Without a doubt, the story of the week has been the Travon Martin story, which concluded with the acquittal of George Zimmerman. Well, I probably shouldn't say, “concluded,” because I’m sure we haven’t heard the last of it. Even if the Justice Department doesn't bring its own charges, I’m betting the family takes a page from the OJ playbook and files charges in a civil suit, where there is a lower standard for proving guilt.
I don’t pretend to have any actual insight into the case. In fact, I think we, as a people, vastly over-estimate our capacity to form relevant opinions in cases like this. We think because we see some TV coverage of the trial or listen to semi-informed gargoyles of grief like Nancy Grace, that we become experts ourselves. Just ask any Monday Morning Quarterback calling into a radio show… Or read the comments after a news story on the Internet… any news story.
So here’s what I think, with the full disclaimer that I don’t know jack. I think it shouldn't be legal for someone to follow, harass and confront a person, for whatever reason, escalate it into a fight, and then claim self-defense. Where was Trayvon’s right to “stand his ground” when stalked by some idiot with a gun? I don’t care who started the physical contact; the entire encounter was orchestrated by Zimmerman, against the orders of the 911 operator. He went after the kid, the kid fought back, so he shot him, for not having the decency to cower appropriately.
That said, I don’t think the case should be retried. Prosecutors made the case, the defense defended, and the jury decided. You win some, you lose some.
What should happen now is a revisitation of the Stand Your Ground laws across the country, to tighten the circumstances in which one can use lethal force. Someone’s in your home? Absolutely. Someone’s attacking you in the street? No question. But following someone down the street because they don’t look like you’d prefer them to look, provoking a fight and then shooting him in “self-defense?” That’s just not right.
All that does is make every pistol-packing dipshit in the country into judge, jury and executioner.
Dr Hook is Unavailable for Comment*
I can’t believe this is even a controversy. People are losing their shit because the younger of the Boston Marathon bombers is featured on the cover of the upcoming Rolling Stone. Consequently, people are flinging themselves about in protest, to the point that CVS and other retailers are refusing to stock the issue.
What gets me is that Rolling Stone is in no way condoning his actions. In fact, the subheading on the cover says, “How a promising, popular student was failed by his family, fell into radical Islam and became a monster.”
So here’s the problem: the cover makes him look like a normal kid, or like any other teenage rock star. In America, we prefer our villains to look the part, like Osama bin Laden, Hitler, or Dr. Evil. The last thing we want to see is a terrorist that looks just like any other guy you might see walking down the street. Even George Zimmerman wouldn't have looked twice at this kid.
I just don’t see what the big deal is. If the story was about the rescue effort or how they caught the bombers, the EMTs or police would be on the cover. If it was about the victims and their recovery, they’d be on the cover. But the story is about the bomber, so he’s on the cover. I think we’re taking this ‘getting offended’ thing waaaaay to seriously.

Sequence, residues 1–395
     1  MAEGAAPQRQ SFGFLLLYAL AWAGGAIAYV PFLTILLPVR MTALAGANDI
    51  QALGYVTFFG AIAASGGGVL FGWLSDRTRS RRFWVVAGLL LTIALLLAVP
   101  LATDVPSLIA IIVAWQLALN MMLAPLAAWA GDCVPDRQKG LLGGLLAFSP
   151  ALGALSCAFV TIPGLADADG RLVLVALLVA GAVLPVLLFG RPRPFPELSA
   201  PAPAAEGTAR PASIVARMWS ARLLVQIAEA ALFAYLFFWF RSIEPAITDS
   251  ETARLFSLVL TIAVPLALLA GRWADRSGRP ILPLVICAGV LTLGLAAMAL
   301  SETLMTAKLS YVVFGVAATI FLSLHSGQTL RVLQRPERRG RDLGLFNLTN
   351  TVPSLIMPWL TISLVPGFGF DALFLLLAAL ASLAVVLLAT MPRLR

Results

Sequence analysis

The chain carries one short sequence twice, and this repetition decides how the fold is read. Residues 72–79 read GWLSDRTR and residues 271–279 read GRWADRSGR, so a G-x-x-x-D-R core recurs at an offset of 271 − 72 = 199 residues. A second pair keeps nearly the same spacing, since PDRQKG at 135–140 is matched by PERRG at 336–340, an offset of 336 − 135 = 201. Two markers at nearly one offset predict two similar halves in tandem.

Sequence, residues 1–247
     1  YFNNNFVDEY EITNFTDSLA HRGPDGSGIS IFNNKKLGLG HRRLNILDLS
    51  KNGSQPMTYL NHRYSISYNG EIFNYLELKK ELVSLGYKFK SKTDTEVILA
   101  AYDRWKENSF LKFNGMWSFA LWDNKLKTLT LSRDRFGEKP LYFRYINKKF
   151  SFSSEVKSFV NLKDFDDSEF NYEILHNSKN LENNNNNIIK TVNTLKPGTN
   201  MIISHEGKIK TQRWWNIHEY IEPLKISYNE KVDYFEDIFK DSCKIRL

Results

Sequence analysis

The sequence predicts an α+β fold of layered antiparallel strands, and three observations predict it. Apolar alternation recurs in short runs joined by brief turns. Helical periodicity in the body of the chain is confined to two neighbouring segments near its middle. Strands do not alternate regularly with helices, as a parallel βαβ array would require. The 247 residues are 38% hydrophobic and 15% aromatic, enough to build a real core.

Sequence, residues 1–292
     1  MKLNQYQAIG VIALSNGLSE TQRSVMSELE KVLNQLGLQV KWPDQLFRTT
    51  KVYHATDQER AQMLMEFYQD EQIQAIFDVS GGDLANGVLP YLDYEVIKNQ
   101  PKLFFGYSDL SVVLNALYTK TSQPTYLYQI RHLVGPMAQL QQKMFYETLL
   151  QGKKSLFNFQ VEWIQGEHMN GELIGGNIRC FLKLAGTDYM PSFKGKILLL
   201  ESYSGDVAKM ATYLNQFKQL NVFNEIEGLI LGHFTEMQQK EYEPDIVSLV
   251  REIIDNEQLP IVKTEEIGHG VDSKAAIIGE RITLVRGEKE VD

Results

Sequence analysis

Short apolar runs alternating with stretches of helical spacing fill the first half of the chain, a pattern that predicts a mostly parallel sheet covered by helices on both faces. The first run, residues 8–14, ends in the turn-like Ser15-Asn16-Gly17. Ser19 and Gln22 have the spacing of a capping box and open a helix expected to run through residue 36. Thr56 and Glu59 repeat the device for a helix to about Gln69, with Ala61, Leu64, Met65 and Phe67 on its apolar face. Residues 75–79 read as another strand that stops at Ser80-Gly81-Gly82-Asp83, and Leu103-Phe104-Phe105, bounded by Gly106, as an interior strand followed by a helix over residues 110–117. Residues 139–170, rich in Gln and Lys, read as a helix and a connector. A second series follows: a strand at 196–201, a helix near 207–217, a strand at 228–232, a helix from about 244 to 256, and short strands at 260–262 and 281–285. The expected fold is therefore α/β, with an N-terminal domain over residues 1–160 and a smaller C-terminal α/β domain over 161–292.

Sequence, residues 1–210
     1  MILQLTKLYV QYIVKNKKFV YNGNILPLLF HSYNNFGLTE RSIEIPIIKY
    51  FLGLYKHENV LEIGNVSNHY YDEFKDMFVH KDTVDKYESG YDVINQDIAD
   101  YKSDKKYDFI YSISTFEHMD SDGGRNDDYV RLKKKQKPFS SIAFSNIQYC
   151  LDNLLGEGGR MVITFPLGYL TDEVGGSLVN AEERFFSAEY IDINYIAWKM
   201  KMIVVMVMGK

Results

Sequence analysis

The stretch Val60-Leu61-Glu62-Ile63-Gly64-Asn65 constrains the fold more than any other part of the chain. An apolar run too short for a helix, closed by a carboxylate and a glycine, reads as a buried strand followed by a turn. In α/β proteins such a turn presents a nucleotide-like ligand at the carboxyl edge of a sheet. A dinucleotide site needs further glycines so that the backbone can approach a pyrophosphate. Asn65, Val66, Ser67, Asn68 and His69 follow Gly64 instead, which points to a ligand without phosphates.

If anyone should be getting mad at that cover, it’s me! How dare Rolling Stone taunt me with a cover picture of the guy who made the hockey game I was going to attend, get rescheduled so I couldn't go? Fucker cost me $300.
As far as I’m concerned, he upset the mojo for the Penguins’ entire playoff run. To me, the only acceptable picture would have been him with a hockey stick stuck through his head, with the caption: “Dzhokhar Tsarnaev Cost Pittsburgh the Stanley Cup! And he needs to thin some of the consonants out of his name!”
Yvonne Abraham from the Boston Globe has a good op-ed piece on this silly brouhaha; it’s well worth the quick read.
*To the snot-nosed kids out there, and you know who you are, Dr. Hook is a rock group famous for the song “On the Cover of the Rolling Stone.”
In other news, President Obama’s picks for various departmental positions are now being confirmed, thanks to a Senate deal in brokered by John McCain and Chuck Schumer. The deal to bring the nominees up for a vote was made in order to avoid Harry Reid’s consequential action to alter the Senate’s filibuster rules.
I’m not too sure what to make of all that. Obviously, the Republicans are using the filibuster (threat) like they’re ordering a sandwich. They've used this once rare maneuver over 400 times since 2009, both to tie up bills and obstruct cabinet and judicial nominations. The plan: run out the clock for eight years, especially on cabinet positions whose prescribed actions might cost money for big business. If they can keep a department like the Consumer Protection Agency leaderless, it will be that much less effective in representing the public against the banking industry.
To me, it comes down to the same old problem… what goes around, comes around. The Democrats can’t count on holding the Senate indefinitely, and should they end up in the minority, they’ll need the filibuster option as well.
What worries me is that I don’t think the Republicans will be nearly as hesitant as Reid was, to execute the “Nuclear Option,” and hamstring the filibuster once they’re in power. They’ll think, “We can’t let the Democrats do to us what we did to them, so Ka-boom, we change the rules right now.” I bet they do it within their first session in power.